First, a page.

NEW YORK (Reuters) - RadioShack Corp disconnected an unprofitable wireless partnership with T-Mobile and replaced it with much bigger Verizon Wireless, sending shares of the U.S. consumer electronics chain up 19 percent.
The news, which overshadowed weaker-than-expected results from the retailer on Tuesday, came less than six months after RadioShack alleged that Deutsche Telekom AG’s T-Mobile USA unit had “materially breached” their contract. The retailer has also said T-Mobile’s product offerings were not competitive with those of other carriers.
The retailer did not shed light on how T-Mobile violated the contract, but indicated that pulling the plug on that partnership was a simpler, faster and cheaper solution to the problem than a costly legal battle with T-Mobile.
RadioShack said Verizon Wireless, a joint venture of Verizon Communications Inc and Vodafone Group Plc, would provide postpaid and prepaid wireless products and services in more than 4,300 RadioShack U.S. stores starting September 15.
Verizon Wireless is the No. 1 U.S. mobile provider.
“That is actually a pretty big deal,” Wedbush analyst Michael Pachter said. “Verizon is a pretty big partner. T-Mobile was a pretty small partner.”
Verizon is “three times as big” as T-Mobile, Pachter said. adding that Verizon’s larger customer base would be a boon to the retailer, which has been struggling with weak sales despite its “ubiquitous” presence in the United States.
Other industry watchers agreed.
“This trades the weak for the strong,” Janney Capital Markets analyst David Strasser said.
The underperformance of T-Mobile has been a significant drag on RadioShack’s business since the fourth quarter of last year and has continued into the first and second quarters of this year, Chief Executive Officer Jim Gooch acknowledged on Tuesday.
“While it is difficult to predict the pace of improvement we will see in our business as we add Verizon Wireless to our offerings, we are comfortable with the range of analysts’ earnings estimates for the remainder of 2011,” Gooch said.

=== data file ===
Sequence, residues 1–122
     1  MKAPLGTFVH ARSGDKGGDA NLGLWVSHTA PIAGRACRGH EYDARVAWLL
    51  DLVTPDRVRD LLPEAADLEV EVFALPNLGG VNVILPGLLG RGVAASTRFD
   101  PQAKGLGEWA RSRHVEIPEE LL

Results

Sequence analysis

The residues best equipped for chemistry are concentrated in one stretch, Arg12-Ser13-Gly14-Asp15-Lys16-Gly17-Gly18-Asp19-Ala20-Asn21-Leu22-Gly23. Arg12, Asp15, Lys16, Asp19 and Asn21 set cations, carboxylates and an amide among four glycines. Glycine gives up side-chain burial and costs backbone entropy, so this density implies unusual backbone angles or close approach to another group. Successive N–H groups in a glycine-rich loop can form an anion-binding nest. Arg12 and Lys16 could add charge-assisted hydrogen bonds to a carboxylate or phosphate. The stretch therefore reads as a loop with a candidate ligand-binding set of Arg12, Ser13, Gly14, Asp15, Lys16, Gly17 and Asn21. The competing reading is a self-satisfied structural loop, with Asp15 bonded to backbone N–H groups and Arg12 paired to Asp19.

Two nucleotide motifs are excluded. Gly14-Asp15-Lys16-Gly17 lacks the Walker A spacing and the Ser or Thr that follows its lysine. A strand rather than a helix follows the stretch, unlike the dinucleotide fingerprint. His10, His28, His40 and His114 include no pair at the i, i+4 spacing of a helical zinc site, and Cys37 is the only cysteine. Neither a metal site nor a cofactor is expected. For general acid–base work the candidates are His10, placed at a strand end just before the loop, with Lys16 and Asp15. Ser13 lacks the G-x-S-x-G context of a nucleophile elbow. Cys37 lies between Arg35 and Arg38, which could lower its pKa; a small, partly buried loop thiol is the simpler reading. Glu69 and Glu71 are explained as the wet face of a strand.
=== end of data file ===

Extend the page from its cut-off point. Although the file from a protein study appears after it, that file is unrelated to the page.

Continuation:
RadioShack’s partnership with T-Mobile had been a cause of worry for analysts.
“RadioShack gave up a lot of compensation from AT&T (Inc) and Sprint (Nextel Corp) to carry T-Mobile, and this partnership doesn’t appear to be panning out the way management expected,” RBC Capital Markets analyst Scot Ciccarelli said in April.
Meanwhile, T-Mobile said it was all set to partner with another key retailer soon.
“We are currently focused on higher-return national retailer opportunities and we expect to announce new channel growth in the coming weeks, which will be more than double the number of RadioShack doors currently offering T-Mobile products and services,” Hernan Daguerre, T-Mobile director of communications, said in an e-mailed statement.
RadioShack’s quarterly profit dropped after weak consumer demand and cutthroat competition forced it to offer more margin-sapping discounts.
Net income fell to $24.9 million, or 24 cents a share, in the second quarter, from $53.0 million, or 41 cents a share, a year earlier.
Sales at the company, which was recently dropped from the Standard & Poor’s 500 Index, fell to $941.9 million from $962.3 million in the year-ago period.
Excluding items, RadioShack earned 31 cents a share in the quarter. On that basis, analysts on average were expecting a profit of 37 cents a share, on sales of $1.03 billion according to Thomson Reuters I/B/E/S.
The retailer has sought to counter weak demand for converter boxes, antennas and other accessories by selling wireless devices and calling plans.
Wedbush’s Pachter, who has a “neutral” rating and $14 target on RadioShack’s shares, was optimistic about the deal with Verizon, but said the company has still not done enough to rebrand itself as a destination for mobile phones or to cater to younger customers.
In afternoon New York Stock Exchange trading, RadioShack shares were up $2.51 or 19.2 percent to $15.60.
Reporting by Dhanya Skariachan, editing by Gerald E. McCormick and Tim Dobbyn